Earth & Space Science: Session 7
Session 7. Our Nearest Neighbor: The Moon
During this session, you will have an opportunity to build understandings to help you:
- Describe, cite evidence for, and evaluate current theories of the Moon's origin
- Explain how the Moon's history informs our understanding of Earth’s history
- Comprehend the scale of the Earth-Moon system
Earth's Moon has been a source of curiosity throughout human history. It is Earth's closest companion in the Solar System, yet it appears to be very different from the Earth. There is a growing body of evidence, however, that tells us that there are also important similarities between the Earth and its Moon. In this session we “travel” to our nearest neighbor to collect clues that we can use to interpret the features of the Moon and story of the Moon's origin.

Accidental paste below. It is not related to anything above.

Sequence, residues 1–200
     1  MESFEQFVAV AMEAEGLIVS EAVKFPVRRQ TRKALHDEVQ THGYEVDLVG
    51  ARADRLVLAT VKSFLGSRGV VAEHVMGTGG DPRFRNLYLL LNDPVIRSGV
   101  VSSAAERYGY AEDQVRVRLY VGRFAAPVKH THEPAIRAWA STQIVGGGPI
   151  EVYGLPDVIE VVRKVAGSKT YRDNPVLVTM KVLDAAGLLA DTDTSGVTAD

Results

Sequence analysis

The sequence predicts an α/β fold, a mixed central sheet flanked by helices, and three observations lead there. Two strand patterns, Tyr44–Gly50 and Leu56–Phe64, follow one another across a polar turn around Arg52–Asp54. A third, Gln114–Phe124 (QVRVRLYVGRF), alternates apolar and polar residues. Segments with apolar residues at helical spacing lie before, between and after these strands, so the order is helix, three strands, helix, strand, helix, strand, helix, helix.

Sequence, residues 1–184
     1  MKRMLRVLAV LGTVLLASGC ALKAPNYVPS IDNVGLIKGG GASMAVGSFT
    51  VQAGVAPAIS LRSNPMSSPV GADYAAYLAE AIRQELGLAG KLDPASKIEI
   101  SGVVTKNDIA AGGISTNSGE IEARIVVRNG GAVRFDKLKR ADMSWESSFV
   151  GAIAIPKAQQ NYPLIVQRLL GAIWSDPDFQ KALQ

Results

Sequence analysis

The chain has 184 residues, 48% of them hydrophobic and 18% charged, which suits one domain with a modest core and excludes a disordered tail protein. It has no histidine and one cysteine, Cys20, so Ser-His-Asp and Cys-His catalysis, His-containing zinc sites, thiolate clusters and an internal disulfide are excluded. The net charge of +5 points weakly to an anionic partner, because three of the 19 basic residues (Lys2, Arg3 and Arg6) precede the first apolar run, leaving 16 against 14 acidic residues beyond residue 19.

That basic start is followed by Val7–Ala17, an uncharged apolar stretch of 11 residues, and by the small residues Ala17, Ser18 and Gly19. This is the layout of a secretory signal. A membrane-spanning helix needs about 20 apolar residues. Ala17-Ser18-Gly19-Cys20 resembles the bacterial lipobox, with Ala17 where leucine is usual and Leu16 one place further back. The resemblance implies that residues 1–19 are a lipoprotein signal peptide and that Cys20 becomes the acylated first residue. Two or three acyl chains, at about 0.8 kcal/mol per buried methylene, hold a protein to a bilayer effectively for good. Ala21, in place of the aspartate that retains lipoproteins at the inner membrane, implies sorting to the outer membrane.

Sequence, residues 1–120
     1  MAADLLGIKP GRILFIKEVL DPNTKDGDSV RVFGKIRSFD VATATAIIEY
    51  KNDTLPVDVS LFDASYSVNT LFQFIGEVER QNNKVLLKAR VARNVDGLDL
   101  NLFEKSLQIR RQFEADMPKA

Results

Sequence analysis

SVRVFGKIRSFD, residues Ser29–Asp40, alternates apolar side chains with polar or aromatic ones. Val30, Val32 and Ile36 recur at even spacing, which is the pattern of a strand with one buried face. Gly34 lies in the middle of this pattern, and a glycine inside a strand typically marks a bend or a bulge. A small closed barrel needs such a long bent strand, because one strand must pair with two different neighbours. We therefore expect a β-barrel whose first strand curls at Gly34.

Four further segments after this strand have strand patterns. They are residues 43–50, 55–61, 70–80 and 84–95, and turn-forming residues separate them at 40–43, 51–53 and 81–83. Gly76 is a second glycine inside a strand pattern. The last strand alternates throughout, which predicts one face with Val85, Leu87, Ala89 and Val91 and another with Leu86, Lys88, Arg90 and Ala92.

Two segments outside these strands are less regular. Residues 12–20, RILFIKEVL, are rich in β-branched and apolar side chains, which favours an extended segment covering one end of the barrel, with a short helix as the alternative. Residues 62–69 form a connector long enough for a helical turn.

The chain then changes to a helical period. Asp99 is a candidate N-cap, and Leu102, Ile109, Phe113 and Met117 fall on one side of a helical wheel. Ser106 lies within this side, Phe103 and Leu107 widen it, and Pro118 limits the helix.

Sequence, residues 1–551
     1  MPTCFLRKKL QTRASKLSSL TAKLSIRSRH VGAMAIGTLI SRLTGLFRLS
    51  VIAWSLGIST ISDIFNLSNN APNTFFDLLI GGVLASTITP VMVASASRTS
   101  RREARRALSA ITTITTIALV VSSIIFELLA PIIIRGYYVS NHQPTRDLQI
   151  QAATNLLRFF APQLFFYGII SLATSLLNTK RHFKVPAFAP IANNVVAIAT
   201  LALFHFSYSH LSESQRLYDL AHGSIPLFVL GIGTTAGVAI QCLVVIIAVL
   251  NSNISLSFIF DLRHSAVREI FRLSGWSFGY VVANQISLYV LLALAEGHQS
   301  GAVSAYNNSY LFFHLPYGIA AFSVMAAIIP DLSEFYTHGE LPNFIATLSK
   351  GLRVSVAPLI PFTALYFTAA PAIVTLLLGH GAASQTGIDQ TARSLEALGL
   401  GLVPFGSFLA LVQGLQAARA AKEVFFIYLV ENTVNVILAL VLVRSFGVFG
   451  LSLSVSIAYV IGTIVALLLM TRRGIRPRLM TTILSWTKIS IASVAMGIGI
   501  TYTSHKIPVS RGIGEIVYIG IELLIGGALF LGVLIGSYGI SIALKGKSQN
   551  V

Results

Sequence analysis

The Moon’s motions in the night sky are so familiar to us that we may take the Moon for granted. But what can we learn from studying the Moon? What means can we use to investigate it? Both Soviet and American astronauts collected rocks from the Moon’s surface and returned them to Earth for study. What stories can these rocks can tell us about the Moon's mysterious past and what can they reveal about the history of our home planet, Earth?
In the video our journey to the Moon begins with a first person perspective from Dr. Harrison Schmitt, an Apollo astronaut and geolgist, and the only scientist to have ever set foot on another world. Then Dr. R. Hank Donnelly, Dr. John Wood, and Dr. Myron Lecar assist us in considering the current theories and supporting evidence for the Moon's origin. We end our journey by considering what the Moon can tell us about events early in Earth's history.
Throughout the video, we observe elementary school children being interviewed as they explore their ideas about the Moon and its origin. We also visit Kathy Price and her fifth graders at Naaba Ani Elementary School in Bloomfield, New Mexico as they think about the sizes of the Earth and the Moon, and the distance between them. Finally, we observe as the students apply knowledge of the angular size of the Earth and Moon in constructing a scale model of the Earth-Moon system.
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